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Discover the secrets of real-time rendering in Maya

Sunday, September 2nd, 2012 | Posted by Jim Thacker


The teaser for Starfish Ninja. Creator Joe Daniels cut render times to 2-4 frames per second on a standard workstation through a real-time workflow that makes use of Maya’s new Viewport 2.0 display.

Animator Joe Daniels has posted an interesting blog entry on the real-time rendering workflow he used on Starfish Ninja, his work-in-progress animated short.

The Starfish Ninja team used the Viewport 2.0 display introduced in Maya 2012 to generate a series of render passes that could be composited in Nuke or After Effects to create the final frame, in near-real time.

A few hacks were required. According to Daniels: “To get passes such as depth and automated rim lighting, we made use of a few CgFX shaders developed for game purposes.”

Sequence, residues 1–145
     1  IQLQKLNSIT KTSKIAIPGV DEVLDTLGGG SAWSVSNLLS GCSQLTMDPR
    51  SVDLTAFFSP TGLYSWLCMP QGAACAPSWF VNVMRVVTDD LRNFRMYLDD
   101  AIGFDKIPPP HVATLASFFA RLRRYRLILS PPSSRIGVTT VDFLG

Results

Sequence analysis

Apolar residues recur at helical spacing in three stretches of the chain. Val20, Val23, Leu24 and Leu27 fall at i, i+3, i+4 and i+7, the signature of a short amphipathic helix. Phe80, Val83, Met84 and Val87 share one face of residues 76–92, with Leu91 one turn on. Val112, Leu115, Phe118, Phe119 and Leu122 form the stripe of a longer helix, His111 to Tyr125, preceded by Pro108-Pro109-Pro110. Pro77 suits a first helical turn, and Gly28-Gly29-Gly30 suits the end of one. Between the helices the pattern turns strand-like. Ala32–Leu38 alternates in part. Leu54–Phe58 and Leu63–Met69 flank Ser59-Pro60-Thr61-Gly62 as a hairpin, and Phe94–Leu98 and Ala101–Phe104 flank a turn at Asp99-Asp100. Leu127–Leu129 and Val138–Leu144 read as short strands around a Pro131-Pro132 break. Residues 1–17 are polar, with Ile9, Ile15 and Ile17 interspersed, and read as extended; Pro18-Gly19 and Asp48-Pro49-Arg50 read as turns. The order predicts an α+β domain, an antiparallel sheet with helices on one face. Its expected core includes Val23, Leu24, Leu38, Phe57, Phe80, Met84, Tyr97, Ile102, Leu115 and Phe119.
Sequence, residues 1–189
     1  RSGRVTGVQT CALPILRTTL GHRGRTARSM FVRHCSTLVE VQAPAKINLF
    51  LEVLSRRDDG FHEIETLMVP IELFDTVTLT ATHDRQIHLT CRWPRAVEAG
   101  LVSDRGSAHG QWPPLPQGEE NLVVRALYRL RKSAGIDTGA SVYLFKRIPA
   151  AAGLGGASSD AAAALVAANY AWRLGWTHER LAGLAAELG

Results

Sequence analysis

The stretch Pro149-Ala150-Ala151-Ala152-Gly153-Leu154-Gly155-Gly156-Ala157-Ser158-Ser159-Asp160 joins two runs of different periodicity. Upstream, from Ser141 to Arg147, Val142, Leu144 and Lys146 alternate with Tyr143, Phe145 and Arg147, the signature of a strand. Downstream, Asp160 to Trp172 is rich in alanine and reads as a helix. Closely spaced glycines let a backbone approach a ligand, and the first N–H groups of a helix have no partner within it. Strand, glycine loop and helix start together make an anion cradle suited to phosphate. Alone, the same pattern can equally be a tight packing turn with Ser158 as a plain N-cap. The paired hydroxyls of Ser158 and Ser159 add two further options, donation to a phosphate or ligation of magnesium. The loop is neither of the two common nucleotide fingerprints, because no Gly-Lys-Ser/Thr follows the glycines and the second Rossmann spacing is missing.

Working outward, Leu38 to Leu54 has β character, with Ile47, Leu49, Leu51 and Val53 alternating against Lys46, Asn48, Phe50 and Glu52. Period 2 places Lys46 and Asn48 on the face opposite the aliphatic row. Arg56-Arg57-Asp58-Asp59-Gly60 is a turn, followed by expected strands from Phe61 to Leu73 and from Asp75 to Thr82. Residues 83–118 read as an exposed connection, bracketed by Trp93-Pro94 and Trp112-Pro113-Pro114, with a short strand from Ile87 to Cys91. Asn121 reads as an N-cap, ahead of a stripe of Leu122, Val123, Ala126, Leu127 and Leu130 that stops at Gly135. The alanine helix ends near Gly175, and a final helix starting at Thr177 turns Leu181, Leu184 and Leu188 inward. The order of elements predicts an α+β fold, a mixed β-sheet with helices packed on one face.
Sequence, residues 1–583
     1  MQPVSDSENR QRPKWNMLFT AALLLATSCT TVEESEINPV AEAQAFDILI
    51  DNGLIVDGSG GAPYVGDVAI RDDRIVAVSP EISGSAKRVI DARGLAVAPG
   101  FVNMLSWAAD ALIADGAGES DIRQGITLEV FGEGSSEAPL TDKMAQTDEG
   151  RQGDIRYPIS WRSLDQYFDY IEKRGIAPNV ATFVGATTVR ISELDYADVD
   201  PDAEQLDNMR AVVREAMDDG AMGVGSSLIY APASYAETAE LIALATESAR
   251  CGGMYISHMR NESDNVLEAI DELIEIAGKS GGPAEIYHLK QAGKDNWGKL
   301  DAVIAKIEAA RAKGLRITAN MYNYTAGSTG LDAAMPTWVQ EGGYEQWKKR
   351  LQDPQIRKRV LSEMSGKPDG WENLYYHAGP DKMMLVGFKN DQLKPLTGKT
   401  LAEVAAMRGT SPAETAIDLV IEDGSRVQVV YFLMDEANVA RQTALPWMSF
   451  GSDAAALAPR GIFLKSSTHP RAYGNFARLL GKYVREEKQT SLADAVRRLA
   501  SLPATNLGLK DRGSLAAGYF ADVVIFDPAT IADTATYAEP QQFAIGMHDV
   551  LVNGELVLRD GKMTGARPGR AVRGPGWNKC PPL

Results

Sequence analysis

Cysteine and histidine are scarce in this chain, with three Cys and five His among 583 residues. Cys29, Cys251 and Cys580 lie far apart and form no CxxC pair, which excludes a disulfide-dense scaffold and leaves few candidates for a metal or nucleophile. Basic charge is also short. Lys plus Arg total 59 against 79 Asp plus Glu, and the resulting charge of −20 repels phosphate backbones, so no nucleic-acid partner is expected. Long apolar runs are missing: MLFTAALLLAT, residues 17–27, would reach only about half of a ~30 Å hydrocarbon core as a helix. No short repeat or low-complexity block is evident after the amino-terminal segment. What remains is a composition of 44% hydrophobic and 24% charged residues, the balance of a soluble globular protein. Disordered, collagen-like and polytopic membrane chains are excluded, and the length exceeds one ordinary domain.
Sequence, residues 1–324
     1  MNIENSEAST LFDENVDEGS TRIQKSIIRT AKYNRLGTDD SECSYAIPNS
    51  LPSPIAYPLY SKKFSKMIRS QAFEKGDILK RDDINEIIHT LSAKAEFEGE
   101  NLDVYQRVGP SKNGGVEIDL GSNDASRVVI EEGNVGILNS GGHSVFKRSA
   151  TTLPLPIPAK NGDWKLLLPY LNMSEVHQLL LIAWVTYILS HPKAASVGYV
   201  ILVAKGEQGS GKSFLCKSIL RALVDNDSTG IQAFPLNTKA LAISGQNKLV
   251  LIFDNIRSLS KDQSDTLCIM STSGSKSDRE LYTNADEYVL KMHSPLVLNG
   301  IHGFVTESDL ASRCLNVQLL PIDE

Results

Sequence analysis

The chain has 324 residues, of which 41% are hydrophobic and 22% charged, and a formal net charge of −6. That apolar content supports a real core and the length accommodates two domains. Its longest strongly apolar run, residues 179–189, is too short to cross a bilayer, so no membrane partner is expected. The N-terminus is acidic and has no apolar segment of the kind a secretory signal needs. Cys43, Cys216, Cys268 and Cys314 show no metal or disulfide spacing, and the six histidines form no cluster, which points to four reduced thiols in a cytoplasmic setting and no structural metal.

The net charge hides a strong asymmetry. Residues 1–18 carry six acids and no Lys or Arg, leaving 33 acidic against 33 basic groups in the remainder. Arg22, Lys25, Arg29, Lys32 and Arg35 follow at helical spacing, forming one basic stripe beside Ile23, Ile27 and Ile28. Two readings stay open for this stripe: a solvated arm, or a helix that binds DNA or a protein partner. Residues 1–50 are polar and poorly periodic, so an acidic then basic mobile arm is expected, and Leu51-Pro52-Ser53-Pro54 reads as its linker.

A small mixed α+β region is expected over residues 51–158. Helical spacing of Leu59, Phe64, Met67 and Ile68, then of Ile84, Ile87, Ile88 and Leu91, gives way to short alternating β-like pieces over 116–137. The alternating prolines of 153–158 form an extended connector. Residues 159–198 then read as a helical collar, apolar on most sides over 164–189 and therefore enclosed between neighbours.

Antialiasing and motion blur are limited, and you’re restricted to 1,920 x 1,080 HD resolution, but the resulting render speed is pretty impressive: Daniels says that he could render the Starfish Ninja trailer at 2-4 frames per second on a ‘modest’ workstation, as opposed to 2-4 minutes per frame in mental ray.

Interesting stuff, particularly for anyone producing animations for the web or TV.

Read full details of Joe Daniels’ workflow on the Starfish Ninja blog.

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